Source: communicatebetterblog.com

Art is as much about emotions, as it is about color!

This is perhaps the most profound aspect of a painting; the emotions that an artist is able to express through his work. Many artists and great masters have knowingly or inadvertently, always put on a canvas, emotions that they feel at a point in time. These have varied from extreme sadness to incredible happiness. They have created such works out of either self-reflection, to express themselves, to voice something that they cannot quite say, or to evoke an emotion in others.

Just like music or singing, painting is about self-expression, and understanding it requires taking a look at the work of some masters. We have compiled a few paintings below for you to take a look at. See them, understand them and feel the emotions that they evoke. Perform this exercise by yourself first, and finally scroll right down at the bottom to understand what the artists have themselves have tried to express through them.

THE DREAM, by Frida Kahlo

The Dream, by Frida Kahlo

The Dream, by Frida Kahlo

Frida Kahlo, a Mexican artist was debilitated for a major part of her life. She imagined what pain would be, how death would look like. This painting that was done during a particularly dark phase, depicts her preoccupation with this aspect, and a papier-mâché skeleton (Juda) that constantly perched on the canopy of her bed was used to embellish it.

CREOLE DANCER, by Henri Matisse

Creole Dancer by Henri Matisse

Creole Dancer by Henri Matisse

Henri Matisse’s painting was a paper cutout done by the artist during his latter years, and was set off after a life-saving operation gave him a new lease of life. He couldn’t paint anymore though because of this, and therefore used paper cutouts to create vibrant art works that gave him a sense of life and its vibrancy.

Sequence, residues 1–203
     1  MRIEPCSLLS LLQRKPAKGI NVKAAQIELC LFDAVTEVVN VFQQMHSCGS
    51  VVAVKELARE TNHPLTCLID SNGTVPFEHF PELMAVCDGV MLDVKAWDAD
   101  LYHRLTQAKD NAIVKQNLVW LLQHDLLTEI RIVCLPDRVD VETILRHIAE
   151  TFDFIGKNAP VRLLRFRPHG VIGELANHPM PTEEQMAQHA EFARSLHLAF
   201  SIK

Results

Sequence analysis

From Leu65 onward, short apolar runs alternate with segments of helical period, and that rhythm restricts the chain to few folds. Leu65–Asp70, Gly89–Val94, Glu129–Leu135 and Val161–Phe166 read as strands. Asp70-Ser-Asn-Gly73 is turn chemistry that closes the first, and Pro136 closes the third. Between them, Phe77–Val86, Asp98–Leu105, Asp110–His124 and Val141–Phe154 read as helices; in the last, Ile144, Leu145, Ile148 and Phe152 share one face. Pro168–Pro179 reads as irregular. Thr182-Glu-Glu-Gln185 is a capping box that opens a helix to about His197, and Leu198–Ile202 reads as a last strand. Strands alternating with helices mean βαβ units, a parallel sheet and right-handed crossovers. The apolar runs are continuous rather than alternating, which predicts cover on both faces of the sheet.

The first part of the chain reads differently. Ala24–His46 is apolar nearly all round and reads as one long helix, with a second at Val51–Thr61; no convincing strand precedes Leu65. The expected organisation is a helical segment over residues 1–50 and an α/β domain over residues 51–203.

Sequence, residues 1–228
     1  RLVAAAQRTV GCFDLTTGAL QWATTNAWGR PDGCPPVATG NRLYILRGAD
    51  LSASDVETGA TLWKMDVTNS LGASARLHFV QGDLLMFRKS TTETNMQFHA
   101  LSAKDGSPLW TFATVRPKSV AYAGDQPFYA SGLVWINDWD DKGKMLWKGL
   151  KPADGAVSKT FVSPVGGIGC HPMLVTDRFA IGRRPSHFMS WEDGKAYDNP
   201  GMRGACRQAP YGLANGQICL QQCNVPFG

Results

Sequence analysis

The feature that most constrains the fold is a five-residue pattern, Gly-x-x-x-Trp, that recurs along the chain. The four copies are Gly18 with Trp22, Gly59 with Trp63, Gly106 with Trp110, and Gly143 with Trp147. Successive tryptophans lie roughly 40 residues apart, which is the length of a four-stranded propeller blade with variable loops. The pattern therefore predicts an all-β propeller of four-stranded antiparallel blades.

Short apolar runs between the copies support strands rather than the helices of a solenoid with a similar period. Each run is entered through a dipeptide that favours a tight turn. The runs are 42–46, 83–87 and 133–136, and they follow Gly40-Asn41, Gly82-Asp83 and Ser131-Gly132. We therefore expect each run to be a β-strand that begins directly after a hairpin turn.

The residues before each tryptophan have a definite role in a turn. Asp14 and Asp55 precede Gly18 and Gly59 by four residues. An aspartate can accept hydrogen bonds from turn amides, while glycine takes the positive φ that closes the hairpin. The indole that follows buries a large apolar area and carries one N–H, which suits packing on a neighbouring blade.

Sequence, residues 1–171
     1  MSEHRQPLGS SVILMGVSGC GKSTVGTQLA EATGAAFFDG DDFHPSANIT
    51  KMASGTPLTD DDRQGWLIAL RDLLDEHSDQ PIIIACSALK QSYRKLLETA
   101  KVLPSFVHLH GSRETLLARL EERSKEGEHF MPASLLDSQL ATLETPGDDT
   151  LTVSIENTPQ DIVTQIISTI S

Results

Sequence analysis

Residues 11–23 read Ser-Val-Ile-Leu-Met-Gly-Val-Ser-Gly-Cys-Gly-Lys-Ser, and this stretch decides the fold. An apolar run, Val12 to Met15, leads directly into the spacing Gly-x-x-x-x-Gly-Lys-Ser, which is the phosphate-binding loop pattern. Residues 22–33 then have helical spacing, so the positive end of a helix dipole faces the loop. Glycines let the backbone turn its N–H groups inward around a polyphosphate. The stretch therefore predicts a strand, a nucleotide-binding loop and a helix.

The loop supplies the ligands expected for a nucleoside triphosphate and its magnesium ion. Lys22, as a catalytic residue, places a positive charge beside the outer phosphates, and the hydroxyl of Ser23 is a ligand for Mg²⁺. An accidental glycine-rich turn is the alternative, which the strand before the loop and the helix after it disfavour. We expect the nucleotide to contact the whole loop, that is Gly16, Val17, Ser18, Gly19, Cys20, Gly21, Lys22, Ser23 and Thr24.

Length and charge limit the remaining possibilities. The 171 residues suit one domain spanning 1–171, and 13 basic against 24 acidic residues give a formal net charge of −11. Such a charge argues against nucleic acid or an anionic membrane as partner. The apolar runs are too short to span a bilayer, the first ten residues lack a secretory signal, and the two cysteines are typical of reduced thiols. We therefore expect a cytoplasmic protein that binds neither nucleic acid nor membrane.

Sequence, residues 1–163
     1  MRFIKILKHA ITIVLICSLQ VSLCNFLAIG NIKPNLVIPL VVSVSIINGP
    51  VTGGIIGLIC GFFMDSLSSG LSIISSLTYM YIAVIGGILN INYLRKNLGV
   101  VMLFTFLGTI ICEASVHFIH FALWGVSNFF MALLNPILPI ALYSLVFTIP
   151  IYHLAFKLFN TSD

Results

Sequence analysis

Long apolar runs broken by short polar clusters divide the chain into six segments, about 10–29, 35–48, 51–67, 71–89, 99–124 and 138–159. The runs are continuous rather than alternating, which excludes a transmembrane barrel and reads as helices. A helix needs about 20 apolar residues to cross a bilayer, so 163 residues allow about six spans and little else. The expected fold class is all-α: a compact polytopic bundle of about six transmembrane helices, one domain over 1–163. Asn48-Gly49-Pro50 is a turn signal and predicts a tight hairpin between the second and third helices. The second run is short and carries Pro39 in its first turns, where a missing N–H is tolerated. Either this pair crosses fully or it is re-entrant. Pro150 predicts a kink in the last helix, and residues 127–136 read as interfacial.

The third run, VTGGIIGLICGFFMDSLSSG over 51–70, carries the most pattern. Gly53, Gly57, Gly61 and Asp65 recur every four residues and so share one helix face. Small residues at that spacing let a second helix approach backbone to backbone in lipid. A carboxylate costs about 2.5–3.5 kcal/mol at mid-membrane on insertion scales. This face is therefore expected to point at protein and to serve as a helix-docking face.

MOTHER AND CHILD, by Jamini Roy

Mother and Child by Jamini Roy

Mother and Child by Jamini Roy

A modernistic Indian painter, Jamini Roy was inspired by daily village scenes of India. He painted women engaged in their daily chores, giving an importance to the mundane everyday things of life. Many of his artworks depict a mother and her child and his art carried folksy undertones, showing us the simplicity of his roots.

HEAD, by Akbar Padamsee

Head by Akbar Padamsee

Head by Akbar Padamsee

Indian artist Akbar Padamsee worked on paintings that evoked a sense of vulnerability and anguish. He portrayed loneliness, but not necessarily pain. A loner himself, the people he portrayed in his paintings were all alone, but happy in their loneliness.

HAYSTACKS (SUNSET), by Claude Monet

Haystacks by Claude Monet

Haystacks by Claude Monet

Haystacks, were a series of impressionist paintings, where Monet tried depicting how a simple object can change its look and tone depending on how and where it was seen. He was the earliest artist to show perspective and the way everyday objects changed based on how they were viewed.

As seen in the above paintings, artists didnt paint because they only liked to do so. They did it because something in them urged them to express themselves. You can do this too, PICK UP THE BRUSH AND PAINT. One doesnt need to be an artist to do that!

 

 

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